Water Management in Singapore join, it is equally difcult to retain them because of lack of job satisfaction, poor working environment and absence of incentives for good performance.

237

PUB has overcome the above and other related constraints through a competitive remuneration, incentives and benets package. The salary and benet package is generally benchmarked against the Civil Service, which, in turn, benchmarks against the prevailing market. It provides strong performance incentives that are commensurate with the prevailing pay packages for the private sector. In addition, its pro-family policies, commitment to train its staff for their professional and personal development, and rewarding good performers, ensure good organizational performance and development. Consequently, its overall performance has become undoubtedly one of the best in the world. Corruption Corruption is endemic in most Asian utilities. However, it is not an issue at PUB, which emphasizes staff integrity as a key organizational requirement. It has taken measures to prevent corruption by staff training on Code of Governance and Code of Conduct, effective internal control processes, regular audits and strong and immediate sanctions against those who may prove to be corrupt. Staff members are required to make annual declarations, which include Declaration of Assets and Investments and Declaration of Non-indebtedness. Complaints of corruption are promptly investigated and reported to Singapores Corrupt Practices Investigation Bureau. PUB is a part of the overall Singapore milieu where there are strong anti-corruption laws at the national level with appropriate sanctions that are regularly implemented. In addition, in recent decades, the government has consistently shown its strong political will to curb all forms of corruption, and take rm actions against all and any form of corruption (see http://www.cpib.org.sg/aboutus.htm). With a good remuneration package, functional institution, and a strong anti-corruption culture, corruption is not an issue at PUB. Autonomy Absence of autonomy is one of the most fundamental problems that affect most utilities of the Asian developing countries. This, in turn, creates a series of second order problems and constraints that further erode the efciency of the utilities to perform their tasks efciently and in a timely manner. A fundamental problem in most Asian cities has been that the process of setting tariffs is primarily controlled by the elected ofcials, who mostly resist increases because of perceived vested interests. Low levels of tariffs cannot have any impact in terms of managing demands. In fact, low levels of tariffs are not compatible with metering, especially as the cost of metering and processing the resulting information may be higher than the revenue metering can generate. The problem is further accentuated by low levels of tariff collection. Furthermore, politicians have preferred to keep domestic water prices articially low, and subsidize it with much higher tariffs from commercial and industrial consumers. For example, according to a World Bank study, in India, domestic consumers used 90% of the water, but accounted for only 20% of the revenues (ADB, 2003). Domestic consumers were thus heavily cross-subsidized by commercial and industrial water users.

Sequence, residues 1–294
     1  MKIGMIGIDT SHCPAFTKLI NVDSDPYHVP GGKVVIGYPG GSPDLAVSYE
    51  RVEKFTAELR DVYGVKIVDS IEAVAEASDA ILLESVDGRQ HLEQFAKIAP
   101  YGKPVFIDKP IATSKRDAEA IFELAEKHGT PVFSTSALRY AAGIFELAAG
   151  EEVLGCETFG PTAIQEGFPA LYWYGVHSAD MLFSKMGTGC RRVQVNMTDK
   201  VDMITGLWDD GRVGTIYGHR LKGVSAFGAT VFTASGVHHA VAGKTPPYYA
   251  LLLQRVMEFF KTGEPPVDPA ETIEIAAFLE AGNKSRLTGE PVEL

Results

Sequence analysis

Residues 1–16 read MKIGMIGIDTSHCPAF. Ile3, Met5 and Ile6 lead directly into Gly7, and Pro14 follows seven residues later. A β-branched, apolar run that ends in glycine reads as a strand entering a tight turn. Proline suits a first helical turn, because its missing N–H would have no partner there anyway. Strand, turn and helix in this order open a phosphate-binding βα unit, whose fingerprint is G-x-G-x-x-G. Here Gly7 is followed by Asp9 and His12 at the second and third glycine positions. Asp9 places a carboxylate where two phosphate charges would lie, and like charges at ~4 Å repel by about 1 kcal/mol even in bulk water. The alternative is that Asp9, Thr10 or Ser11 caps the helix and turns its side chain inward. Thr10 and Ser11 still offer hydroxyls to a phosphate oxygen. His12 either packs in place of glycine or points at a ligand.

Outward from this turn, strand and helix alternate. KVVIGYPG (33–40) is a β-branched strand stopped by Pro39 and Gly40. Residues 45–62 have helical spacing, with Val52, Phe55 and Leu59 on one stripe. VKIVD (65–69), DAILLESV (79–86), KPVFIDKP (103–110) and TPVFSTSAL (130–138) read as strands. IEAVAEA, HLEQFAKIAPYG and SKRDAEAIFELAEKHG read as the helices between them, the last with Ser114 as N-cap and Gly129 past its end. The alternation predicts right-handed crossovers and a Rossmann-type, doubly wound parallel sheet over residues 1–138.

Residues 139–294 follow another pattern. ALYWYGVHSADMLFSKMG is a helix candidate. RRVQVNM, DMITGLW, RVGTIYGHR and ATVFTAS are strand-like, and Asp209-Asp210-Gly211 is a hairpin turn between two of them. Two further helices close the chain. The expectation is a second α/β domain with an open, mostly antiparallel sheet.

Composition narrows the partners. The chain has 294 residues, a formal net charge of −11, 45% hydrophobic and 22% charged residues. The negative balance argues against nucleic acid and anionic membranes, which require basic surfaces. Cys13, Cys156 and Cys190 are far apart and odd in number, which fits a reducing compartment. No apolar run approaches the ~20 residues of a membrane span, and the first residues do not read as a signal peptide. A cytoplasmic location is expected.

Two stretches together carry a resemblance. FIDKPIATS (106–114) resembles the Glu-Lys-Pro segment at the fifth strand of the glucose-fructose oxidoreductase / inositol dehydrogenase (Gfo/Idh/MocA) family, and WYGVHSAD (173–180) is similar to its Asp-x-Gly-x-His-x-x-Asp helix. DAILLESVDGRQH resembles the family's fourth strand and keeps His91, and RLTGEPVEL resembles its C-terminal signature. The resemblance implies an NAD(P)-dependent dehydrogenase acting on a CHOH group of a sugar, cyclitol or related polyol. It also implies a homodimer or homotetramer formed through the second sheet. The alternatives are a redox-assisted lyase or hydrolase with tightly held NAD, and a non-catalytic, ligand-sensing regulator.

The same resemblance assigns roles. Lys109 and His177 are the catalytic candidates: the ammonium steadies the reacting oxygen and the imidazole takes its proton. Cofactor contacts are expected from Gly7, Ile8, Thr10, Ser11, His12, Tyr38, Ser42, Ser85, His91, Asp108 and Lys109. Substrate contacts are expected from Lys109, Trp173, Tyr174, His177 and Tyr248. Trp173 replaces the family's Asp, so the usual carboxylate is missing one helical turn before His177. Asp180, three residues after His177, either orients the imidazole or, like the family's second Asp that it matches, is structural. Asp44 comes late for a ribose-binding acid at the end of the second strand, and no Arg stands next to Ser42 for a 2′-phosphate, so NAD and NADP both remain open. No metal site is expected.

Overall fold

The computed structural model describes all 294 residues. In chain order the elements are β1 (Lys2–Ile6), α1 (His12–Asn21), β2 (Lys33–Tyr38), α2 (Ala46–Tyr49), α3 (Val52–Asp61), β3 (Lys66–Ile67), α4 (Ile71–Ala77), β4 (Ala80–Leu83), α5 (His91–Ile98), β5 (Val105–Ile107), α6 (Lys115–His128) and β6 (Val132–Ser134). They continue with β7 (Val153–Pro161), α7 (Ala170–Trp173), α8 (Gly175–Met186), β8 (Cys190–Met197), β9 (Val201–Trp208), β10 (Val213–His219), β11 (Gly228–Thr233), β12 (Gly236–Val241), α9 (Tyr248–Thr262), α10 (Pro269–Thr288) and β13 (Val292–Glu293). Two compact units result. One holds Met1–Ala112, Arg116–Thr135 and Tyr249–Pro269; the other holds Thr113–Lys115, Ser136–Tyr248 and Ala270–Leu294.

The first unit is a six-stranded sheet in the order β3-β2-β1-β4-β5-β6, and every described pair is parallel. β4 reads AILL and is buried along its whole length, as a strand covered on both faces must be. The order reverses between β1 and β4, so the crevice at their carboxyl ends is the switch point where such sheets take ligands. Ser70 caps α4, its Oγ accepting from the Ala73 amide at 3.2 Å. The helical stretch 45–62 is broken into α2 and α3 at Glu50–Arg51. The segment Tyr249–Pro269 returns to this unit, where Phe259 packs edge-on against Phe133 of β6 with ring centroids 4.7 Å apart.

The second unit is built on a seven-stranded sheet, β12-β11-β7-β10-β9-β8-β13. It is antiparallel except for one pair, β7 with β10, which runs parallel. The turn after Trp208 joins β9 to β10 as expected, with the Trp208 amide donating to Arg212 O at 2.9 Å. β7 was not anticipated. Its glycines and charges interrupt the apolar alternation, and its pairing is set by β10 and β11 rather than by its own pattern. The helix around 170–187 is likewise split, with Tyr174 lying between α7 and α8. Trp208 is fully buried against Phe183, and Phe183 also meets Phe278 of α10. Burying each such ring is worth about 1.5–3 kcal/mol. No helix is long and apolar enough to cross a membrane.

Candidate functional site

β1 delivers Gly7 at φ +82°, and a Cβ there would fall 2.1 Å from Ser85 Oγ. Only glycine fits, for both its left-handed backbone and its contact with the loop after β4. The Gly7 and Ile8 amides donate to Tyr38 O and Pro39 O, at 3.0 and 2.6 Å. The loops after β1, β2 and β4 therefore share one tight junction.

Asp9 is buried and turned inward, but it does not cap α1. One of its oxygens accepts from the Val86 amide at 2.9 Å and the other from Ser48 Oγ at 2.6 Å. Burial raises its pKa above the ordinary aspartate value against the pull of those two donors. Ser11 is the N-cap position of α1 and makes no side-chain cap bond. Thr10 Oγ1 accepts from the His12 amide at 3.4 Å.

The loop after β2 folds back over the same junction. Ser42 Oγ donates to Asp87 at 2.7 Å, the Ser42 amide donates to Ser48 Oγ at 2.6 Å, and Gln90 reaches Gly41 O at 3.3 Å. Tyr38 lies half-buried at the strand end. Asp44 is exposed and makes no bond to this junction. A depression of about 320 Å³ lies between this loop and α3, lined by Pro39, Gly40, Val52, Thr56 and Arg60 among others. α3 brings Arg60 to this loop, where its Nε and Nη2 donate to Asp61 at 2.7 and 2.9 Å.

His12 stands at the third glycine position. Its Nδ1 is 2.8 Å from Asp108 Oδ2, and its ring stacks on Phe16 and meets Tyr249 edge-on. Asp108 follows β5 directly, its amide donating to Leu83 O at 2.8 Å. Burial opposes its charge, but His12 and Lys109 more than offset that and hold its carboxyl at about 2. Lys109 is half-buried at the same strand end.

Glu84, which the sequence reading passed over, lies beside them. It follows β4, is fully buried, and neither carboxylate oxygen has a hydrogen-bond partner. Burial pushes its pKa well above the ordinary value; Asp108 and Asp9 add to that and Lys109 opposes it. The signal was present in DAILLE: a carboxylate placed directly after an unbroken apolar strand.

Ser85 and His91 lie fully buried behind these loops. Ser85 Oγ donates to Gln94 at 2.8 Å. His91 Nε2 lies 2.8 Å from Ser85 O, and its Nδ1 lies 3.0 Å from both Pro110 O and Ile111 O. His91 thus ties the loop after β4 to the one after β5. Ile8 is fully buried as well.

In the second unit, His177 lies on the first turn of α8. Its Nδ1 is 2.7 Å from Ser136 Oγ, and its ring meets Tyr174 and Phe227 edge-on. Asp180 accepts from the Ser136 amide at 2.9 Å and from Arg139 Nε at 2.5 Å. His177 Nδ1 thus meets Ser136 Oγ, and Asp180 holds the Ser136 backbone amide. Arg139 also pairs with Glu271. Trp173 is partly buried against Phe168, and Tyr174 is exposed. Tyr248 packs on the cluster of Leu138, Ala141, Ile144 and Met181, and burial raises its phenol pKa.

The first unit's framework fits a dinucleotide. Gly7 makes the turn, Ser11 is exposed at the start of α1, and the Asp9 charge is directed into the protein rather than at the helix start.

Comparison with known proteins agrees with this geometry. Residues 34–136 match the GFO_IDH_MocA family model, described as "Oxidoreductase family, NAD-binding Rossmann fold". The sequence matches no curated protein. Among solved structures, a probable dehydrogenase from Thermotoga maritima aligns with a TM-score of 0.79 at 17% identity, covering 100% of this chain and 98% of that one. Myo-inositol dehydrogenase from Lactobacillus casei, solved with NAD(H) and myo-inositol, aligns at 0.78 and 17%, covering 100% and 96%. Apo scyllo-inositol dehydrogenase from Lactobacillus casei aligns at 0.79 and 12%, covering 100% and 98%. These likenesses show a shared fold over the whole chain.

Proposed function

238

C. Tortajada